In the Nerang Cluster four schools were from the government sector and two from Catholic education. This allowed for valuable crossovers of ideas, skills and expertise within their learning community. The schools were (links go to school site):
- St Brigid's Primary School (Key School 2009-2011) - 500 students, 6 Aboriginal and Torres Strait Islander students, 48 staff
- St Peter Claver College (Key School 2011-2012) - 944 students, 58 Aboriginal and Torres Strait Islander students, 125 staff
- Nerang State School - 406 students, 46 Aboriginal and Torres Strait Islander students, 41 staff
- Gilston State School - 650 students, 9 Aboriginal and Torres Strait Islander students, 52 staff
- William Duncan State School - 679 students, 36 Aboriginal and Torres Strait Islander students, 69 staff
- Nerang State High School - 950 students, 40 Aboriginal and Torres Strait Islander students, 90 staff.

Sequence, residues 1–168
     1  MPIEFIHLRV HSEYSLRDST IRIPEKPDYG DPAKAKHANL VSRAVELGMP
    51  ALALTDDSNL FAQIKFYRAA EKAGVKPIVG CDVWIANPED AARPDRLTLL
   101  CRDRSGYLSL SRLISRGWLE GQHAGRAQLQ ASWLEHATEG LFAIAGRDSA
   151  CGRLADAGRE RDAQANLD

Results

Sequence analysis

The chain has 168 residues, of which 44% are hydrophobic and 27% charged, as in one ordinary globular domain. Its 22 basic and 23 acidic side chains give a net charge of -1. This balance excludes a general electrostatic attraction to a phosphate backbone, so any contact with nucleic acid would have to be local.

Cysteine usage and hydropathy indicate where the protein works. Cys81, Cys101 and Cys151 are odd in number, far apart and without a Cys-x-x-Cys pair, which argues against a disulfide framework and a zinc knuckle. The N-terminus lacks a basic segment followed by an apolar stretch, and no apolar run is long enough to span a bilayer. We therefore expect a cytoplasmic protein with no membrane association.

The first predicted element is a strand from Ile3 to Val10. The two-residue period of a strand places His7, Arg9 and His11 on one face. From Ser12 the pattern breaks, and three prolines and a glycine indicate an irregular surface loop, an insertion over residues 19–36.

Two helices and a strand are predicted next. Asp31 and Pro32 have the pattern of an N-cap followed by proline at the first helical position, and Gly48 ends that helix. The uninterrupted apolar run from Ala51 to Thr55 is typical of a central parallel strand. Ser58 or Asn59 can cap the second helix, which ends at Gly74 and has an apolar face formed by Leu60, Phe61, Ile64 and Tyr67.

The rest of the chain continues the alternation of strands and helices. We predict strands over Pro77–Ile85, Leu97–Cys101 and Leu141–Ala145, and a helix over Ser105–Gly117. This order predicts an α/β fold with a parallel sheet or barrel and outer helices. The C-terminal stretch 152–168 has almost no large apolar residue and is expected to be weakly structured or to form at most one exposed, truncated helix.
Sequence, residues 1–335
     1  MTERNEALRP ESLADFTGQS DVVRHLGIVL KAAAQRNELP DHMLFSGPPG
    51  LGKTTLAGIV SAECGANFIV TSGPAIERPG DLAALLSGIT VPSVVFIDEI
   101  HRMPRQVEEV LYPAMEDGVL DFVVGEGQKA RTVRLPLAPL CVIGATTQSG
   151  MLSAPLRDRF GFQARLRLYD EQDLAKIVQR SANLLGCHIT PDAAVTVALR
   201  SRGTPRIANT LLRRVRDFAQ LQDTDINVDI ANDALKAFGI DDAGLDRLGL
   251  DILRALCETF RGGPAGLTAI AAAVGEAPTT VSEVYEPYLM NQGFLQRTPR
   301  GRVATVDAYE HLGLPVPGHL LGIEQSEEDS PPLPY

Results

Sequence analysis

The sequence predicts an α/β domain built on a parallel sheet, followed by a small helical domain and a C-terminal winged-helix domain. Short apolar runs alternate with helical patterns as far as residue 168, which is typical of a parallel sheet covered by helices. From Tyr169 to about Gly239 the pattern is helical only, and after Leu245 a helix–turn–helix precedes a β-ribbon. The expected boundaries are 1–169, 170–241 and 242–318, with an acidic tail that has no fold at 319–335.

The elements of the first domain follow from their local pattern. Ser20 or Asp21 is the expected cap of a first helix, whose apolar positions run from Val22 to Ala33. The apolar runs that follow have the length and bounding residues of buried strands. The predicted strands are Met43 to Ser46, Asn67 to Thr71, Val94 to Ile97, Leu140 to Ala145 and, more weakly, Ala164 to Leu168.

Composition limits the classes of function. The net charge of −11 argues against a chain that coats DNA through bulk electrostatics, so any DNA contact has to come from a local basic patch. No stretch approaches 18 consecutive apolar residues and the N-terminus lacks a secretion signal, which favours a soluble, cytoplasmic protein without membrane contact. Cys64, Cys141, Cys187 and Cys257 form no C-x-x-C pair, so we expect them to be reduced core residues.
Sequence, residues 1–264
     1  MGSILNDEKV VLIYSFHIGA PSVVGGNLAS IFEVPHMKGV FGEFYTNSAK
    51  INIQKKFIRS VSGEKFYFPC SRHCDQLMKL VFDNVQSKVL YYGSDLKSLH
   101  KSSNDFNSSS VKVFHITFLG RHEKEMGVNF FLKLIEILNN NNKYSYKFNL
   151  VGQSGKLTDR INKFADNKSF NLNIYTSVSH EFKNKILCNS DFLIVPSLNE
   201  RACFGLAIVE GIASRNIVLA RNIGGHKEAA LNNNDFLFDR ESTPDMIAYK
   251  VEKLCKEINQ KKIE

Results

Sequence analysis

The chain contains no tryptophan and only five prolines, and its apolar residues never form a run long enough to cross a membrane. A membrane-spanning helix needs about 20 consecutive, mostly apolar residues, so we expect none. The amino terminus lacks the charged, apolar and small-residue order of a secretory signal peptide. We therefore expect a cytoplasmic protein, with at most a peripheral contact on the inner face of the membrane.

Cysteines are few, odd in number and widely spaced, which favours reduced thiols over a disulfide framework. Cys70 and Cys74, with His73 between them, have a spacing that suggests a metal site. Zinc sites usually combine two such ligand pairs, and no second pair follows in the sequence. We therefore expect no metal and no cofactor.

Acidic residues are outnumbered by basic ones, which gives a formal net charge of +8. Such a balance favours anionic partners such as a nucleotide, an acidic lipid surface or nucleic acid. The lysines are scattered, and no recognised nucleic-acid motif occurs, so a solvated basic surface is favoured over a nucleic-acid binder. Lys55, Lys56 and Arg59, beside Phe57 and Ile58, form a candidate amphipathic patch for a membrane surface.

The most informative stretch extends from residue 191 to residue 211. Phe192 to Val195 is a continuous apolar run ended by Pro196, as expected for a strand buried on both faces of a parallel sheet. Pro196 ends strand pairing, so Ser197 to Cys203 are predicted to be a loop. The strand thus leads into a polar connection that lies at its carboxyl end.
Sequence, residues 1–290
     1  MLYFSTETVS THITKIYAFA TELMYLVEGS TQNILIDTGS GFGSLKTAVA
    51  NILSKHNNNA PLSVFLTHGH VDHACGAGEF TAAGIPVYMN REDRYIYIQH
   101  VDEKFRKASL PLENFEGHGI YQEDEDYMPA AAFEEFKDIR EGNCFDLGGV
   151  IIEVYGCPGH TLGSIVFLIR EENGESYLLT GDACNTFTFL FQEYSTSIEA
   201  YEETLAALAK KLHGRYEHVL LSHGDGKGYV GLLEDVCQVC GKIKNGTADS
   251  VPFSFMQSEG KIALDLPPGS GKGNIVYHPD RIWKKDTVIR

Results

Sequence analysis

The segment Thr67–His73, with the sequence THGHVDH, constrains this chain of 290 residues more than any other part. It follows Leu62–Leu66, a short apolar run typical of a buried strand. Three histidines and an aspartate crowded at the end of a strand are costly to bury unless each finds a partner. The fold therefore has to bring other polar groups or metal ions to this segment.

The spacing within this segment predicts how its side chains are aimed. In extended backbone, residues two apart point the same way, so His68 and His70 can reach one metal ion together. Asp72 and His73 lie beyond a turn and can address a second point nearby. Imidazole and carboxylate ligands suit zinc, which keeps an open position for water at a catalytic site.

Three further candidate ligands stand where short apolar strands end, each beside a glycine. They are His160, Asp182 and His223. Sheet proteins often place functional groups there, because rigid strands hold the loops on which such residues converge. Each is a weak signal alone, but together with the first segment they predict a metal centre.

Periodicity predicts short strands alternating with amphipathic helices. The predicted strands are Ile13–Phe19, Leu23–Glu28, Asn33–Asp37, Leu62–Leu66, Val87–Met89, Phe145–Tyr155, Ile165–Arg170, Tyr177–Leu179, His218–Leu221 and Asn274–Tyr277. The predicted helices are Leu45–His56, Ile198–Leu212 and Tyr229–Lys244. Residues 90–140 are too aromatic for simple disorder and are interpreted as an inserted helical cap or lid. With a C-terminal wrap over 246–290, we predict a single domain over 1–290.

It should also be noted that while a commitment was given by each school to participate fully in the project circumstances conspired to impact on the capacity of some schools to commit to all initiatives. This was most notably the case with William Duncan State School due in part to the change of leadership at the school and to the school’s decision to desist their involvement in 2012.
A key focus for Nerang was the development of middle managers working at the intersection of Aboriginal and Torres Strait Islander education and mathematics education through the Leading from the Middle strategy.
These Make it Count Cluster Findings have been aligned with the Australian Professional Standards for Teaching. Many of the findings derive from Significant Episodes for educators. Find out about the cluster's intentions and the important stories its educators - their Signficant Episodes - that impacted their teaching.
Units of learning
These units of learning have been designed by teachers. They give insights into creative and innovative ways of teaching mathematics that engages Indigenous (and non-Indigenous) learners.
These stories – from the clusters, from educators, Aboriginal students, leaders and parents – tell their journeys, challenges, successes and will inspire educators. They will help you think about your own experiences in the classroom, school and community and inform your teaching.